3 Steps for Countering Bias in AI/ML Data Sets

Advancements in Artificial Intelligence (AI) and Machine Learning (ML) are revolutionizing the way we work with data across sectors. By enabling enhanced decision-making and faster operations, these models present us with unparalleled capabilities – but they are not immune to some very human problems.

One of the most critical challenges in AI/ML development is addressing and mitigating unintended bias. Even with the capacity to analyze and derive real-time insights from data, models are still corruptible by long-standing human biases and prejudices.

With a history of designing, developing, and deploying IT systems for organizations – from telecommunications companies to the Federal government – I’ve worked through the integration of many new and evolving technologies into the modern tech stack. In this blog, we’ll explore the concept of bias in AI/ML data sets, and examine the tools, processes, and best practices for combating bias in these evolving models.

Understanding Bias in AI/ML

It’s no secret that modern data sets often contain biases, whether intentionally or not. This may be caused by a range of factors, including:

  • Sampling Bias: When certain data subjects are more likely to be selected in a sample than others.
  • Reporting Bias: When data subjects misrepresent or suppress the information they choose to share.
  • Confirmation Bias: When information that favors a specific outcome is selected over that which supports an unintended outcome.
  • Systemic Bias: When bias from systems or institutions collecting the data impacts the construction of the data set.

Bias can also impact how AI/ML models are configured. Any of the aforementioned biases are likely to play a role in how teams build, train, and deploy their models, which impacts the results they produce. Each of these factors contributes to data sets and models that are neither representative nor accurate.

The Impact of Bias in AI/ML

To recognize the impact of biased data sets and model configurations on the legitimacy of AI/ML tools, think of the phrase “you are what you eat.” This gets to the core of AI models – they are trained entirely on the data they are fed, and therefore will base their decisions and output completely on that information.

If these models are fed biased data, it’s likely to lead to unfair or discriminatory outcomes. For instance, models trained on biased healthcare data are apt to under-represent certain demographic groups, ultimately leading to inequitable healthcare recommendations for those groups.

Challenges and Limitations of Addressing Bias

Before digging into how to combat bias in AI/ML, it’s important to note a few common challenges to minimizing these biases, including:

  • Limited Diversity: Not every data set can be composed of a diverse range of data. For example, a military table that captures attacks within a specific region might not be representative of attacks across all regions. This would bias the model’s understanding of a region’s risk factor within a larger context. This often occurs when the training data is not properly sampled for representation across all features that might contribute to a prediction target.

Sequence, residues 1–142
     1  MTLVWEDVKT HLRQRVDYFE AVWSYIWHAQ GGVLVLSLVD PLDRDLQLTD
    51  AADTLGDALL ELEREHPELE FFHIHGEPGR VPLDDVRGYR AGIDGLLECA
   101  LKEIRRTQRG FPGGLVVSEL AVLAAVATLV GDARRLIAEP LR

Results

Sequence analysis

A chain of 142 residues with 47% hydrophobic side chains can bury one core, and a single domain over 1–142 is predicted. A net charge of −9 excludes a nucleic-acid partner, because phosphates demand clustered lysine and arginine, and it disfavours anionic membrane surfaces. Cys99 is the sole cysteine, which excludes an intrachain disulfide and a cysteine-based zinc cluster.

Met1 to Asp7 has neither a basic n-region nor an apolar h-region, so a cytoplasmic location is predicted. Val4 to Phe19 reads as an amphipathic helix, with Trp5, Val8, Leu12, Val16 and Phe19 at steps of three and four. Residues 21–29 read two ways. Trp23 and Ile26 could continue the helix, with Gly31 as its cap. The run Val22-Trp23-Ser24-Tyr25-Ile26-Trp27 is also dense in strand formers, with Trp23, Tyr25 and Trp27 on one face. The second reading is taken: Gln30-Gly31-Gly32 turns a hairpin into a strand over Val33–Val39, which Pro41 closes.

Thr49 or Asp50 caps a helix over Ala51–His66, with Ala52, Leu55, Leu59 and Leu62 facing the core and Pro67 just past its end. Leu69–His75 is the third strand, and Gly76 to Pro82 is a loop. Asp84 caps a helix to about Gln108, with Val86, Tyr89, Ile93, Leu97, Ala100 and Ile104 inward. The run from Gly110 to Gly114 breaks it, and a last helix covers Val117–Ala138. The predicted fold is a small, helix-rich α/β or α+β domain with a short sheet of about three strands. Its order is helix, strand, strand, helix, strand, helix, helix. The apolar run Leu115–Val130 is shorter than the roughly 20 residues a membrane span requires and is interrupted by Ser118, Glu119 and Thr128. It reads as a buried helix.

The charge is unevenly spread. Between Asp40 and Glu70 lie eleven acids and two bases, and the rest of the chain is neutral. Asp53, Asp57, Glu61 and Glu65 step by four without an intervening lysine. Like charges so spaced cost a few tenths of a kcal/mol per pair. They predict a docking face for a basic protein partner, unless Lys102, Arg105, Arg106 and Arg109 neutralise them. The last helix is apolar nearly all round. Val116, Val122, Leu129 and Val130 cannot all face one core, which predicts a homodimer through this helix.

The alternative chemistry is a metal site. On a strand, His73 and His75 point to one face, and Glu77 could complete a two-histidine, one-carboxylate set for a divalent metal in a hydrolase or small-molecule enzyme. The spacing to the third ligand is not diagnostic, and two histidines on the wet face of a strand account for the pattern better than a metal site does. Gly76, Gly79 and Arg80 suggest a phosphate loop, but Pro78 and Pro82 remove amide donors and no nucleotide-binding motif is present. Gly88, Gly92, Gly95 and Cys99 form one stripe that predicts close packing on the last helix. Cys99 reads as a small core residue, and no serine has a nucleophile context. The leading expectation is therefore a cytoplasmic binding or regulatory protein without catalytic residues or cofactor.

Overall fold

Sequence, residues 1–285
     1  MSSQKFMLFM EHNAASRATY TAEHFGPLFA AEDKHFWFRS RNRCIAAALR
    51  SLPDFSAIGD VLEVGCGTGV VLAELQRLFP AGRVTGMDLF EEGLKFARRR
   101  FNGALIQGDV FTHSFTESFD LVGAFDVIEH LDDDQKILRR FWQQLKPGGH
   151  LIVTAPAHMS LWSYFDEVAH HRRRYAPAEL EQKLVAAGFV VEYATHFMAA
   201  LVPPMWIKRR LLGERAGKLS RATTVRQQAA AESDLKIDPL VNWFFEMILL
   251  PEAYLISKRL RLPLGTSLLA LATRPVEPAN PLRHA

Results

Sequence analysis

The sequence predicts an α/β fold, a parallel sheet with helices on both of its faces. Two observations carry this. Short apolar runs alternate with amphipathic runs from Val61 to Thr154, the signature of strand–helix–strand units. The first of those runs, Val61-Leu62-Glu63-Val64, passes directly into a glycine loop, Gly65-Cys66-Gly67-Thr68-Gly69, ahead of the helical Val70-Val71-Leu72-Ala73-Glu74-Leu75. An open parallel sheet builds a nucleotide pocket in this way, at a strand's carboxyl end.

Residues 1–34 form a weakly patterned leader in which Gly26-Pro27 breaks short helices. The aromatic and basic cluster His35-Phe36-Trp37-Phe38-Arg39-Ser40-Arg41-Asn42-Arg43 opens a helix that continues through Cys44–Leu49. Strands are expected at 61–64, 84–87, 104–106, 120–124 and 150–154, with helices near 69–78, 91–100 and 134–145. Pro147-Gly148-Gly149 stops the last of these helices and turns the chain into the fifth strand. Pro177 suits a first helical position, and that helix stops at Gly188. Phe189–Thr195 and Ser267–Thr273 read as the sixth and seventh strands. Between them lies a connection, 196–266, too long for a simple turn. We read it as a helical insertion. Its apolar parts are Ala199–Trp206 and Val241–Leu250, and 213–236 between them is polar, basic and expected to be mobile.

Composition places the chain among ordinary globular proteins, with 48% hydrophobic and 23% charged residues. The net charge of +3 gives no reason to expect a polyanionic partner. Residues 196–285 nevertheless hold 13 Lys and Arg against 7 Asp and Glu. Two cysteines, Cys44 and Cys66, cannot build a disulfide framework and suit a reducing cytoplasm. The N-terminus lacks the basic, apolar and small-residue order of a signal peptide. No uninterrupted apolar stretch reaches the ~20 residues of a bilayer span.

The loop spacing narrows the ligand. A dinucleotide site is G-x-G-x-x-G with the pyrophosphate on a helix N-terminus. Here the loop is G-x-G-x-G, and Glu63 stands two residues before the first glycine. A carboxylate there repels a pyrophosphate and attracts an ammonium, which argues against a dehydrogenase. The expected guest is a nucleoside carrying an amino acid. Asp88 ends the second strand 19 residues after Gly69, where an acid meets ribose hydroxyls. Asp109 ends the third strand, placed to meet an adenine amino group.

• Multidimensional Bias: Analyzing and detecting bias is typically complex and costly, especially when biases are multidimensional. Features that may appear unbiased in isolation may introduce bias when combined, requiring you to leverage sophisticated tools and methodologies to identify and mitigate bias effectively.
  • Lack of Representative Synthetic Data: There is a pressing need for more representative synthetic data sets to train AI/ML models. Synthetic data helps overcome the limitations of real-world data by providing diverse and balanced model training data.

Combatting and Minimizing AI/ML Bias

Though it is impossible to eliminate all bias in existing data sets, there are still plenty of ways to minimize it.

Using the Immuta Data Security Platform, your team can limit the impact of data bias by coupling data security controls and purpose-based access control (PBAC). This methodology provides guardrails for data scientists, enabling them to make use of data for model creation while minimizing the potential for bias.

This is done using the following steps:

Step 1: Discover and Classify Data

The first step to reducing bias in models is understanding where sensitive data resides in the enterprise by carrying out data discovery and classification. Out of the box, Immuta’s sensitive data discovery automatically discovers more than 60 types of personally identifiable information (PII), financial data, and protected health information (PHI) shown in the image below. You can also create new rules to classify unique data elements within the enterprise. This highly customizable approach ensures that your organization’s specific data types are recognized for appropriate classification and protection via access policy enforcement.


Figure 1. Sensitive data discovery on patient data